Not everyone is an expert in their field before they open a shop - Kostas Panagopoulos, the owner of Floralies, is the perfect example. He opened his flower shop with a partner in 1981 and came into the flower business by accident - looking to try something totally new, he decided that becoming a florist would be his next move. “I had no idea about flowers. I knew what carnations were, and that’s about it,” Kostas said.
Despite his relative lack of knowledge, over the years, Kostas has built a thriving business. Floralies is perhaps best known for its daily service, a feature they started in the New York flower industry many years ago. Kostas sells flowers to many corporations, and then replaces the flowers in the arrangement daily as they wither and die, ensuring that an arrangement looks beautiful for a longer period of time. Though this process was not profitable at first, Floralies made a name for itself, gaining various clients throughout Manhattan. As business grew, Kostas made sure to keep his values close to his heart. “Tell the truth always. It can be unpleasant at the time, but it creates trust with customers and employees,” he advised.
As evidence of their popularity, Kostas was proud to share with Manhattan Sideways that they do not advertise their products or services. “We have spent not one penny on marketing, yet continue to bring in 2,000 customers a month, simply by word of mouth.” Kostas then pointed out that this feat is especially amazing considering how long Floralies has been around - he has survived multiple stock market crashes and economic slowdowns, both of which heavily hit his corporate clients throughout the years.
When we visited in 2017, we learned that Floralies had recently begun expanding into the event business. While they continue to service their corporate clients and meet with people planning parties, Floralies does not sell retail flowers, preferring to design their beautiful arrangements for larger clients.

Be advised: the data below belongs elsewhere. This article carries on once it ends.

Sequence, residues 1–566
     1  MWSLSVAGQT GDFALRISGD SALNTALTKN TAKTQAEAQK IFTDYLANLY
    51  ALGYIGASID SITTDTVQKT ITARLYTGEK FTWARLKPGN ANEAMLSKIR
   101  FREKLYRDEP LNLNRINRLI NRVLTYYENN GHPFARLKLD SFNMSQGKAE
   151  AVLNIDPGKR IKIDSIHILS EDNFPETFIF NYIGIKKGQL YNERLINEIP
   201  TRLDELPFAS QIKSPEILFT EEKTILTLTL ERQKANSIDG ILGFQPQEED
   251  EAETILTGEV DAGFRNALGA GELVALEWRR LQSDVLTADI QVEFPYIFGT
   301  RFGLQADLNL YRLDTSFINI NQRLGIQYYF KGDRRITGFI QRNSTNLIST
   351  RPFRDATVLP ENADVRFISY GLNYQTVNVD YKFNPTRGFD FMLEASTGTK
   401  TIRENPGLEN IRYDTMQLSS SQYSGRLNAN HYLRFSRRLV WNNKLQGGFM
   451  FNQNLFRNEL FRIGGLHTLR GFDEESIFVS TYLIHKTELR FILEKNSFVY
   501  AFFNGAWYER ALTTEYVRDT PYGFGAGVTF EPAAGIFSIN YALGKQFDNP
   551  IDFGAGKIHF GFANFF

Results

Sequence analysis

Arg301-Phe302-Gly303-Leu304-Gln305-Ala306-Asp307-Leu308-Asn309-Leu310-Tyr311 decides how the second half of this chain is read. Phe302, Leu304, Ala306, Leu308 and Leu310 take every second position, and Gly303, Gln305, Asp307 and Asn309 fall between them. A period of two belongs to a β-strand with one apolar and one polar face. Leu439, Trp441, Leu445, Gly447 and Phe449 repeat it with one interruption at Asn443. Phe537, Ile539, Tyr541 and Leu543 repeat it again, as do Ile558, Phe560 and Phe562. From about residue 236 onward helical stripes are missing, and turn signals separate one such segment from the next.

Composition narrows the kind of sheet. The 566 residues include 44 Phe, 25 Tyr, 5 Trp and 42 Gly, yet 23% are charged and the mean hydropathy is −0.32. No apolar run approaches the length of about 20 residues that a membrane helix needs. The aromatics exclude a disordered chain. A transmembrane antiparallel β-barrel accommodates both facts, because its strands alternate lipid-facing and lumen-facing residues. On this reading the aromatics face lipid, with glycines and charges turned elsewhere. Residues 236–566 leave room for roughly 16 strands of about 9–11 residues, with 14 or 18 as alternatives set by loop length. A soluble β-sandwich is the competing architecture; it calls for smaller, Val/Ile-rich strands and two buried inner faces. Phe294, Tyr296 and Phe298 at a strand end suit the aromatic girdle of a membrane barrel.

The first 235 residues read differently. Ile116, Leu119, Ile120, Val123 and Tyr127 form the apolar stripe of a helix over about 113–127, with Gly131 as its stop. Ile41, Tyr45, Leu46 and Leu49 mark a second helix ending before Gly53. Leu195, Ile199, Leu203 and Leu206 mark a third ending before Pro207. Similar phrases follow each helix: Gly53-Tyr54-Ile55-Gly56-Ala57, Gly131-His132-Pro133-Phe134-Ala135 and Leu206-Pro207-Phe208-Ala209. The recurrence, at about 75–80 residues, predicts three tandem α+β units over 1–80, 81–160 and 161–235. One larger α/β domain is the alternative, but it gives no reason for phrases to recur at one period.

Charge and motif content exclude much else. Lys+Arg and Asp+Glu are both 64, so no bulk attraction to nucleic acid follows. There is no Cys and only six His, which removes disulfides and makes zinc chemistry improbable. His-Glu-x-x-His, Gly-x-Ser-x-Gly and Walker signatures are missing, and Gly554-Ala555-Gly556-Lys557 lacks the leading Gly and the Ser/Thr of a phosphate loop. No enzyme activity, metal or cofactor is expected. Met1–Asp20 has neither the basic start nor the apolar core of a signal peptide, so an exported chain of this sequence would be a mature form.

Kostas has been in the business for several decades but he is happy that is son is taking over in the near future. Looking back on his run, Kostas reminisced, “I’ve been successful because my customers have been satisfied, but more importantly, so have my employees. I look at them as human beings. When they are happy, I am happy, and the business is successful.”
It was Olivia, a Manhattan Sideways team member, who out of the corner of her eye, noticed a simple banner for the Nicolas Roerich Museum located inside a beautiful townhouse. It is nestled far west on 107th Street, on a block that overlooks Riverside Drive. This was an unexpected, yet, thrilling, find. The museum, which offers free admission to the public, honors Nicholas Roerich, a Russian-born painter who spent a lot of time in the Himalayas. He is known for his sweeping landscapes, depicting faraway mountains. By walking through the museum, visitors can see the full scope of his work - from sketches of film sets to colorful painted visions from Tibetan folklore - there are close to 200 paintings from his collection of several thousand spread throughout the world. Nicholas Roerich lived on the Upper West Side for a short time in the 1920's. He was not just a painter, but also an activist interested in cultural preservation. He worked with legal experts to create the Roerich Pact, which was meant to protect cultural monuments and institutions in time of war. This pact led to the creation of the Banner of Peace, a white background with three joined red circles, which could be hung at cultural centers, declaring them neutral to combatants in war.